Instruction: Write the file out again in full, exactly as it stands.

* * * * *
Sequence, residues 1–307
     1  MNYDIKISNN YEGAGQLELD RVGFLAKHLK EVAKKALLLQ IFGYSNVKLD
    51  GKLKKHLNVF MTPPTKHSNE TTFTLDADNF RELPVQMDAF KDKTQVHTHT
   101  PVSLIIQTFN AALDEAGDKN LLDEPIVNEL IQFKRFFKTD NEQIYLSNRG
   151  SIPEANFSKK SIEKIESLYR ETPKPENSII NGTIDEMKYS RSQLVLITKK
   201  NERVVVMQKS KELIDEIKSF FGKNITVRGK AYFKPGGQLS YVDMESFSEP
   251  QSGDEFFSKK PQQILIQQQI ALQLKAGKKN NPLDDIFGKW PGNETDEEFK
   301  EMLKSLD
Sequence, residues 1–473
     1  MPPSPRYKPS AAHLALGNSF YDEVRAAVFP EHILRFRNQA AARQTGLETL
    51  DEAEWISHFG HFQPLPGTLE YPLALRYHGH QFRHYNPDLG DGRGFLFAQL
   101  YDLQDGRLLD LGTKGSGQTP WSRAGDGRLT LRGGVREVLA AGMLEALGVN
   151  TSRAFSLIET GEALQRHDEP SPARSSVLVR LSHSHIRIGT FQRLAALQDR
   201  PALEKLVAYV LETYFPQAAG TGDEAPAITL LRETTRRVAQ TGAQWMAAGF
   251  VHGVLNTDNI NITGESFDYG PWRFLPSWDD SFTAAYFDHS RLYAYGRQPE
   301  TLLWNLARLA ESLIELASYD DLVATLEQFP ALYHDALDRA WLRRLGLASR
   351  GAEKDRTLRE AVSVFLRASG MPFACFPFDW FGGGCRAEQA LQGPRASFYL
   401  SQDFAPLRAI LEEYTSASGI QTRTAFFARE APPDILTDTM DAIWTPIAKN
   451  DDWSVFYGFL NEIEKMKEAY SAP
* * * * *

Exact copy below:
Sequence, residues 1–307
     1  MNYDIKISNN YEGAGQLELD RVGFLAKHLK EVAKKALLLQ IFGYSNVKLD
    51  GKLKKHLNVF MTPPTKHSNE TTFTLDADNF RELPVQMDAF KDKTQVHTHT
   101  PVSLIIQTFN AALDEAGDKN LLDEPIVNEL IQFKRFFKTD NEQIYLSNRG
   151  SIPEANFSKK SIEKIESLYR ETPKPENSII NGTIDEMKYS RSQLVLITKK
   201  NERVVVMQKS KELIDEIKSF FGKNITVRGK AYFKPGGQLS YVDMESFSEP
   251  QSGDEFFSKK PQQILIQQQI ALQLKAGKKN NPLDDIFGKW PGNETDEEFK
   301  EMLKSLD
Sequence, residues 1–473
     1  MPPSPRYKPS AAHLALGNSF YDEVRAAVFP EHILRFRNQA AARQTGLETL
    51  DEAEWISHFG HFQPLPGTLE YPLALRYHGH QFRHYNPDLG DGRGFLFAQL
   101  YDLQDGRLLD LGTKGSGQTP WSRAGDGRLT LRGGVREVLA AGMLEALGVN
   151  TSRAFSLIET GEALQRHDEP SPARSSVLVR LSHSHIRIGT FQRLAALQDR
   201  PALEKLVAYV LETYFPQAAG TGDEAPAITL LRETTRRVAQ TGAQWMAAGF
   251  VHGVLNTDNI NITGESFDYG PWRFLPSWDD SFTAAYFDHS RLYAYGRQPE
   301  TLLWNLARLA ESLIELASYD DLVATLEQFP ALYHDALDRA WLRRLGLASR
   351  GAEKDRTLRE AVSVFLRASG MPFACFPFDW FGGGCRAEQA LQGPRASFYL
   401  SQDFAPLRAI LEEYTSASGI QTRTAFFARE APPDILTDTM DAIWTPIAKN
   451  DDWSVFYGFL NEIEKMKEAY SAP